Rutgers strike forces union-loving governor onto ‘tightrope’ of competing interests

By: - April 12, 2023 6:52 am

Gov. Phil Murphy's well-known support for unions puts him in a pickle as he tries to resolve Rutgers University's first faculty strike. (Courtesy of New Jersey Governor's Office)

Gov. Phil Murphy’s love of labor unions is famous. He’s made TikToks and trumpeted support for unionizing efforts everywhere from Starbucks to Amazon to Medieval Times. He’s relied on unions for funding and campaign door-knocking. He’s even joined picket lines.

Now, Rutgers University faculty’s first-ever strike is putting that devotion to the test.

After 9,000 public workers walked off the job at New Jersey’s largest state university Monday, Murphy’s fans and foes alike are watching to see how the governor navigates the stalemate between the three striking unions and the university, where half of the governing body are gubernatorial appointees and state funding comprises a fifth of its $5.1 billion budget.

“The danger for the administration is that you have to balance out all these needs in a way that’s fair to all the stakeholders, and that’s really a very, very tricky business because it’s a zero-sum game,” said Micah Rasmussen, director of the Rebovich Institute for New Jersey Politics at Rider University. “It really is a balancing act. That’s the tightrope he has to walk.”

Murphy inserted himself square in the middle of the impasse last weekend, when the unions announced their strike plans after nearly a year of unproductive contract negotiations. He called both sides to his office at the Statehouse in Trenton for talks, which several members of Murphy’s senior staff joined and he personally dropped into too. He said he directed all involved to continue talking until they reach an agreement.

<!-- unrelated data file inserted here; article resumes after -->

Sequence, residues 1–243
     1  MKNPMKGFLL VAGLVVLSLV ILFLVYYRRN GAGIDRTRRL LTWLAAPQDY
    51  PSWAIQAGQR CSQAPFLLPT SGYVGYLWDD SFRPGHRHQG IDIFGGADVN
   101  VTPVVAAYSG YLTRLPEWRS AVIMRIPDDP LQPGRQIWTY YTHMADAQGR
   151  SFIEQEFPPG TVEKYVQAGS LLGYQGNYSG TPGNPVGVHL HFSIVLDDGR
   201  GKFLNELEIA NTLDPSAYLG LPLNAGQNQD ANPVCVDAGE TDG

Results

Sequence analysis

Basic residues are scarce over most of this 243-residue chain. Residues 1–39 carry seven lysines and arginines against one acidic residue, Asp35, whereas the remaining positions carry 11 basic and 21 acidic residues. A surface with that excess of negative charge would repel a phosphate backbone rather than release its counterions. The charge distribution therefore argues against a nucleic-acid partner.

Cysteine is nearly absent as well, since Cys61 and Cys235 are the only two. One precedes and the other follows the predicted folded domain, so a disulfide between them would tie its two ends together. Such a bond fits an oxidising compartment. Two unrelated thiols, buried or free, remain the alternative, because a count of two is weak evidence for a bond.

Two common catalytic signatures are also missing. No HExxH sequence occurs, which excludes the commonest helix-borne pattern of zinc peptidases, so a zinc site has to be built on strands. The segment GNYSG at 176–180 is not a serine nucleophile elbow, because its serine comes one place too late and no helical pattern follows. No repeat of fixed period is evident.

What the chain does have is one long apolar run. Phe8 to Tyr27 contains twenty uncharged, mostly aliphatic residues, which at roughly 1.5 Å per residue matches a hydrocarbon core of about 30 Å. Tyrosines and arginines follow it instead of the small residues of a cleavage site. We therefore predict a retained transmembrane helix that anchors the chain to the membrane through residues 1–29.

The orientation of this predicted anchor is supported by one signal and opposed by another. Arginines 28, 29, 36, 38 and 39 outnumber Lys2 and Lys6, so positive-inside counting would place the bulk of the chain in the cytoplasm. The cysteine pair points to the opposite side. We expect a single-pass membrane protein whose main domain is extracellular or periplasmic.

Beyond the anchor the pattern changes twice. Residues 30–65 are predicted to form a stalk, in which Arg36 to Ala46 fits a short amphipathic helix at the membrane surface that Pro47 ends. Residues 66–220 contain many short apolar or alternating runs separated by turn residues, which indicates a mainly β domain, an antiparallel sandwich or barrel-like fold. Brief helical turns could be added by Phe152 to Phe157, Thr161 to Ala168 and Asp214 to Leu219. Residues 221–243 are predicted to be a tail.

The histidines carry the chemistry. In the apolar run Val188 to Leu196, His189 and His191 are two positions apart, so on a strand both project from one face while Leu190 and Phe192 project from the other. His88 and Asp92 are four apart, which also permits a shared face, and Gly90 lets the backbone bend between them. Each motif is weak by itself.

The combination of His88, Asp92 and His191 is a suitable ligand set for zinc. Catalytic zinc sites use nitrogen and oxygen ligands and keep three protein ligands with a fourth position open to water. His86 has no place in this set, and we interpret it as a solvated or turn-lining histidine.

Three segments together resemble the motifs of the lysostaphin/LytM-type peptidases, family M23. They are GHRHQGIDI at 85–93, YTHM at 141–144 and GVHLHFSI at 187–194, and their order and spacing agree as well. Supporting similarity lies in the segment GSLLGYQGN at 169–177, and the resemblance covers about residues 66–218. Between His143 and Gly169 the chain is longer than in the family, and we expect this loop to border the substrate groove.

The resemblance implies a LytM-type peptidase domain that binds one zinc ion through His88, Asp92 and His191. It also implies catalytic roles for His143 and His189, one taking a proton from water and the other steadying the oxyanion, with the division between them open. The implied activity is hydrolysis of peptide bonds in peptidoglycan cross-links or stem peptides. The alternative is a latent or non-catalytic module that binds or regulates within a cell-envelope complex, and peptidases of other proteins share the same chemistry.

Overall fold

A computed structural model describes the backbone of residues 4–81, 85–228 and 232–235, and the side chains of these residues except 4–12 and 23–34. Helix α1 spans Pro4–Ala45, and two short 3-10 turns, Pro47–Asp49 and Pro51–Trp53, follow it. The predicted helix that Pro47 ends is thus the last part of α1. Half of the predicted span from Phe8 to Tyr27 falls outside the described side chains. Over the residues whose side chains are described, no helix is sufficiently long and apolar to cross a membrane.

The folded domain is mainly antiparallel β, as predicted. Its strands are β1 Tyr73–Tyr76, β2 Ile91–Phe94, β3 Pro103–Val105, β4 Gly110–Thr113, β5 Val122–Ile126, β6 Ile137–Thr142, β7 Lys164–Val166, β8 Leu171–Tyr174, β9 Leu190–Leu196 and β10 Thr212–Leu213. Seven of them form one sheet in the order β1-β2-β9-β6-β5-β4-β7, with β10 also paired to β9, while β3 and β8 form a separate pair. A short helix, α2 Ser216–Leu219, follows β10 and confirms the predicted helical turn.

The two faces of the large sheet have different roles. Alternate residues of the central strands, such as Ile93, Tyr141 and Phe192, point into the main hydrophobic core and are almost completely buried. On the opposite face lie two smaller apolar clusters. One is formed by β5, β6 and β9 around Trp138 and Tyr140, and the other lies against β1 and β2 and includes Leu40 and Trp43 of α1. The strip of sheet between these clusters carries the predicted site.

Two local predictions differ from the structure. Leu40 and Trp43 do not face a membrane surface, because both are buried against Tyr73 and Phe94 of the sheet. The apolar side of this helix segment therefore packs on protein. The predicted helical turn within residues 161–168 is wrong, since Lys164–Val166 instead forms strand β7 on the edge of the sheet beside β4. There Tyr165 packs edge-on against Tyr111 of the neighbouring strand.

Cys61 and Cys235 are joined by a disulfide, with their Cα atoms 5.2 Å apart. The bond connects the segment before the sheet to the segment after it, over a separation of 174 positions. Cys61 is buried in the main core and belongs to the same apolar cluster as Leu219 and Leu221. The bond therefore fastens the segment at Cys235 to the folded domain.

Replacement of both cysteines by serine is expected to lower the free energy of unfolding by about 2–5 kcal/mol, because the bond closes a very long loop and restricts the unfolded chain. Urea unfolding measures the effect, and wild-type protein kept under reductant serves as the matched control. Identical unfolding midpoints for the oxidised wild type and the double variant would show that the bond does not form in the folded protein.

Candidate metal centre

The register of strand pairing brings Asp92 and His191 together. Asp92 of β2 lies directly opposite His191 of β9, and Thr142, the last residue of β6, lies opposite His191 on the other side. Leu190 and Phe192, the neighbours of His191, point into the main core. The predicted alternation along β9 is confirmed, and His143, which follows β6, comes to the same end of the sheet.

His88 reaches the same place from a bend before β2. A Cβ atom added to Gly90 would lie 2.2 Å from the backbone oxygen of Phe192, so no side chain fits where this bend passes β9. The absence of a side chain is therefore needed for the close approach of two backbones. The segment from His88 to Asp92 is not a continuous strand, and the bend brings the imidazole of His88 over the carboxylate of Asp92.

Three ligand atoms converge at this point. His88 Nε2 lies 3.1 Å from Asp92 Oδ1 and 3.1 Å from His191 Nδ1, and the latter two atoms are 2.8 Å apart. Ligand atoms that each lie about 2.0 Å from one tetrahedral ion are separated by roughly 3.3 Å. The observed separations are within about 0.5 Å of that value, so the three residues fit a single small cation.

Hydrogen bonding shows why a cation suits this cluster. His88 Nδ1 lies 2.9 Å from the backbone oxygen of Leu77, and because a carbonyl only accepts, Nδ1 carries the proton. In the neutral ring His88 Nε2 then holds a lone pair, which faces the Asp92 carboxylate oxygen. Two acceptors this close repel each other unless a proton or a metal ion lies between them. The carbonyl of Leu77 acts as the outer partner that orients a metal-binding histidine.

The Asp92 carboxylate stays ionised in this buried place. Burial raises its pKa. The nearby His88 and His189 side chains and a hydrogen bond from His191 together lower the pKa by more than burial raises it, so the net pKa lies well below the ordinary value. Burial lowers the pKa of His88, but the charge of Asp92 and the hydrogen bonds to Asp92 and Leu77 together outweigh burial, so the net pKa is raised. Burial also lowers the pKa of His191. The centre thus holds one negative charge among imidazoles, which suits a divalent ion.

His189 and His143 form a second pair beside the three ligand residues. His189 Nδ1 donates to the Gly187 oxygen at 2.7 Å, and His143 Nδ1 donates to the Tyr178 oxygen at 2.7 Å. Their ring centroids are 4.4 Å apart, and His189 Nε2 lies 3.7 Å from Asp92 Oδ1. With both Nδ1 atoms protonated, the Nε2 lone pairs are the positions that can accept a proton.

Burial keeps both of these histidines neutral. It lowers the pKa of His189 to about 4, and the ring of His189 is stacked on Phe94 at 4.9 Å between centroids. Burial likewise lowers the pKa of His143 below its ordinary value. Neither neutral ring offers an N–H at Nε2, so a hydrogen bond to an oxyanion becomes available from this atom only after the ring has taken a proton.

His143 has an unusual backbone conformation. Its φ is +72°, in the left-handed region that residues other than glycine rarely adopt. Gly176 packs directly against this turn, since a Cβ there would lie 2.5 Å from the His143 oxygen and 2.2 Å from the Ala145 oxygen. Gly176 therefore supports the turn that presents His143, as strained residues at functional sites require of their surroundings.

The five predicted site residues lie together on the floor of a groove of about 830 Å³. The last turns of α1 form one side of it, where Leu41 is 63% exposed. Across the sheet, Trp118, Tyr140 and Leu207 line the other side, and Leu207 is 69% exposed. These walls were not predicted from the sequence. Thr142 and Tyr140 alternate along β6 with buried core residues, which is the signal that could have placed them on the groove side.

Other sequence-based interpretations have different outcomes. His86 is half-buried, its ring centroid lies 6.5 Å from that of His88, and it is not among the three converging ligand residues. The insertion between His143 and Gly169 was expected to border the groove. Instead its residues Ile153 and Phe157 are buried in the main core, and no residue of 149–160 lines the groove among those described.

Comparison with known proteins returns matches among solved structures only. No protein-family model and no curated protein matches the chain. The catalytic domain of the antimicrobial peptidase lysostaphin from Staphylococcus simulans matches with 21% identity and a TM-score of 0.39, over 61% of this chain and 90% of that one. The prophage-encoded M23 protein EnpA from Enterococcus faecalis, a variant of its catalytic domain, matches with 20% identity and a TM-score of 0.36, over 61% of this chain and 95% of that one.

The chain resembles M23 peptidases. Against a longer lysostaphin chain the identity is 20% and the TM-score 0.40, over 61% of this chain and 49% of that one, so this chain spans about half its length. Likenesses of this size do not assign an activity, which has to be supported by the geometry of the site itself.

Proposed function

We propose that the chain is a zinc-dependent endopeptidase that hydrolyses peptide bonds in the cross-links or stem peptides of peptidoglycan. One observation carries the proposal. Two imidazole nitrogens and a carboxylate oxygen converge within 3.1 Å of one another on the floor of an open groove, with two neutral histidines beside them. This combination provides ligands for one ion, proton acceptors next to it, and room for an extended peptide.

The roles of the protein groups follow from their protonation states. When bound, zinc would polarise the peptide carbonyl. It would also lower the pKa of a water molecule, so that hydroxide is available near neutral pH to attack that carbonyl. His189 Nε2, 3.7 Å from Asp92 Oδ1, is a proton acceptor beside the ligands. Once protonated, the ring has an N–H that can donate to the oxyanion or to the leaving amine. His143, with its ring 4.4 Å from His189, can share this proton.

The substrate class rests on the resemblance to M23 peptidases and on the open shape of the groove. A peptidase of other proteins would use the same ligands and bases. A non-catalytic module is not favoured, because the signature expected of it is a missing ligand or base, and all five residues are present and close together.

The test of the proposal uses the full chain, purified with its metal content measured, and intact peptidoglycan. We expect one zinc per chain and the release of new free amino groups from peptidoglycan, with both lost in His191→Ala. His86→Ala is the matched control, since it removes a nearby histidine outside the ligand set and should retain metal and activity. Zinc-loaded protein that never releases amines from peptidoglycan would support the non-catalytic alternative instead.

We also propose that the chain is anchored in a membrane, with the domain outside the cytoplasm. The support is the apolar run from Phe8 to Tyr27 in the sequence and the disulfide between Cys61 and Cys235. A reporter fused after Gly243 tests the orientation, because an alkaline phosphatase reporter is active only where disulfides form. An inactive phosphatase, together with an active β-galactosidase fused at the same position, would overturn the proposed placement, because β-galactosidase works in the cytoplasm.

That was the right call, one political observer said.

“People look to governors and presidents for leadership in a crisis, and for many, this is a crisis,” said John Froonjian, executive director of the William J. Hughes Center for Public Policy at Stockton University. “But it is a little bit of a political thicket for a governor who’s been very supportive of unions.”

It’s always easier to hold on to your ideals in a vacuum, when there are no competing interests, Rasmussen agreed.

While Murphy is an avowed labor supporter, Rasmussen said, “he also believes in helping students who want to go through college and families who are trying to finance getting those students through college. And he doesn’t want to necessarily open up the checkbook and write a couple billion-dollar checks to Rutgers either.”

Still, in his monthly “Ask Governor Murphy” show on WNYC Tuesday night, Murphy doubled down on his enthusiasm for unions and expressed specific support for the Rutgers adjunct lecturers, graduate student teachers, and other lower-rung workers fighting for equity in wages and opportunities.

“I think we’re the quintessential American organized labor state,” he told host Nancy Solomon. “So I want to get a solution that exudes, that reeks fairness to all of the categories that we’re talking about, including the ones that have had a far less good shake, as it were.”

It is a little bit of a political thicket for a governor who’s been very supportive of unions.

– John Froonjian of Stockton University

Bad timing

The strike’s timing — graduation is a month away, and final exams are in three weeks — puts added pressure on the governor to get a deal quickly, Froonjian said.